The Impact of the Suez Canal Blockage on Global Shipping
The recent situation in the Suez Canal resulting in the containership Ever Given blocking the enitre canal for days, could not have happened at a worse time due to to the current extremely high shipping demands. Global shipping, the industry that transports steel boxes full of products around the global economy, was already reporting record highs and operating at full capacity.
The Port of Long Beach reported its busiest month ever in March 2021 as imports continued to pour into U.S. seaports. The congestion resulting from the Suez canal is not directly affecting operations at the Port of Long Beach according to Noel Hacegaba, the deputy executive director with the Port. However, as companies search for alternative routes, Long Beach could experience an increased amount of ships docked offshore in the coming weeks.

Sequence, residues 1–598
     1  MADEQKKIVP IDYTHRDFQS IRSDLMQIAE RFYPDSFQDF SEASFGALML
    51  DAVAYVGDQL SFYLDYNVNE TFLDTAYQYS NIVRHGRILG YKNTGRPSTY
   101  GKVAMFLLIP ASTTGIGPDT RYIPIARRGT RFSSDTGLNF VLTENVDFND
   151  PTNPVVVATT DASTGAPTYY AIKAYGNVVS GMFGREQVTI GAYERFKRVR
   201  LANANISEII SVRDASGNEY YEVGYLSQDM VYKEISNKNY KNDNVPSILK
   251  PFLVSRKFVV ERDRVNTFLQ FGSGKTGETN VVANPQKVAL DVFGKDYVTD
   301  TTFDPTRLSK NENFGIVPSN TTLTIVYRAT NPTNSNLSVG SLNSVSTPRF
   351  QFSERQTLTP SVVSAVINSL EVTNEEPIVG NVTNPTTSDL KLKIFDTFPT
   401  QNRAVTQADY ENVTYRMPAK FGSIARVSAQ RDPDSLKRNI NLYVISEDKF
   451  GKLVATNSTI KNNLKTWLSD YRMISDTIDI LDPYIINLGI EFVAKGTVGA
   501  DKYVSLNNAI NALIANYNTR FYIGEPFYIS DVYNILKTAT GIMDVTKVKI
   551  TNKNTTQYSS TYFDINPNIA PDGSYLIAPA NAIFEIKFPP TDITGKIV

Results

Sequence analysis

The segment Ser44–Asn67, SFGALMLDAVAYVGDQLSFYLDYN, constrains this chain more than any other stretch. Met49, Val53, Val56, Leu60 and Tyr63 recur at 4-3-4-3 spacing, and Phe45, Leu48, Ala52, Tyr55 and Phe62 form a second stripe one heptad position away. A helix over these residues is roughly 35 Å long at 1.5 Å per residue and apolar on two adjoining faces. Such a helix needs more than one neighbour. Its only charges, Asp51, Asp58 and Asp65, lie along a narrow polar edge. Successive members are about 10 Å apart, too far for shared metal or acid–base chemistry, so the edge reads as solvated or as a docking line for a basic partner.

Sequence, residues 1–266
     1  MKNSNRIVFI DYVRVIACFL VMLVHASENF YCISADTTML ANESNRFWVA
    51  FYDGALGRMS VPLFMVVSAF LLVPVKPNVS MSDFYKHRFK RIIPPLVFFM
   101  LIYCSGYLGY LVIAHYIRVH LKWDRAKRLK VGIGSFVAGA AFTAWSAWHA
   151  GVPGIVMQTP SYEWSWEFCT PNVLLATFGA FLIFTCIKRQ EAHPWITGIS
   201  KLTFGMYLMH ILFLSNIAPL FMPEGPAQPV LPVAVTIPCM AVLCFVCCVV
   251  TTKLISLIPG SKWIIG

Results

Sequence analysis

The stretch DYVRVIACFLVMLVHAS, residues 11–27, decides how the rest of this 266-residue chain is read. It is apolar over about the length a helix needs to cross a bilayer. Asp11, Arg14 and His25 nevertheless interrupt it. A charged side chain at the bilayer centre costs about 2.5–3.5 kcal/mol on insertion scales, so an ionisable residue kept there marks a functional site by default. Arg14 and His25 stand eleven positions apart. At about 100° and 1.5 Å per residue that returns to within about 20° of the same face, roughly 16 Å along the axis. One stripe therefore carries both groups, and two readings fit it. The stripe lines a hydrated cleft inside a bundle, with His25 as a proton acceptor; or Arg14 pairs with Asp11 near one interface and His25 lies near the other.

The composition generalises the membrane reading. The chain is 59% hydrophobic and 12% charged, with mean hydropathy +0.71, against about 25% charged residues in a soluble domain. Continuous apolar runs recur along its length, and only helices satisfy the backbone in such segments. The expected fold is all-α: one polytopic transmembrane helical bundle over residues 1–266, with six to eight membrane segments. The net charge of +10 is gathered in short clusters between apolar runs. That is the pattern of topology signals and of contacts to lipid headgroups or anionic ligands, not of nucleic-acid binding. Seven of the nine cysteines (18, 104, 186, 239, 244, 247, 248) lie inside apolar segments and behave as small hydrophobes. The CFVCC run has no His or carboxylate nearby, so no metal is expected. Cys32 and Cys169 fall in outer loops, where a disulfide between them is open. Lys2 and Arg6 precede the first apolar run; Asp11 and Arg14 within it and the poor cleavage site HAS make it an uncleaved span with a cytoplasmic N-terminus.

Trade Routes Further Slowed
Ship congestion outside the biggest U.S. gateway for Asian imports remained elevated with the wait to offload containers lengthening to eight days, which added costs and complications for companies trying to stay well-stocked in an accelerating economy.
All of the above considered, the Suez Canal blockage only further slowed trade flows. Rolf Habben Jansen, chief executive officer of Hapag-Lloyd AG, reported “Box availability will be tight for the next six to eight weeks.” Specifically citing ports in the U.K. and in Rotterdam, Europe’s largest for ocean cargo, among the gateways facing delays.
Jansen went on to say, “we hope to get back to some kind of normalcy toward the end of the second quarter or early in the third quarter, but that certainly is not a given and is probably a bit of a best-case scenario but not impossible.”
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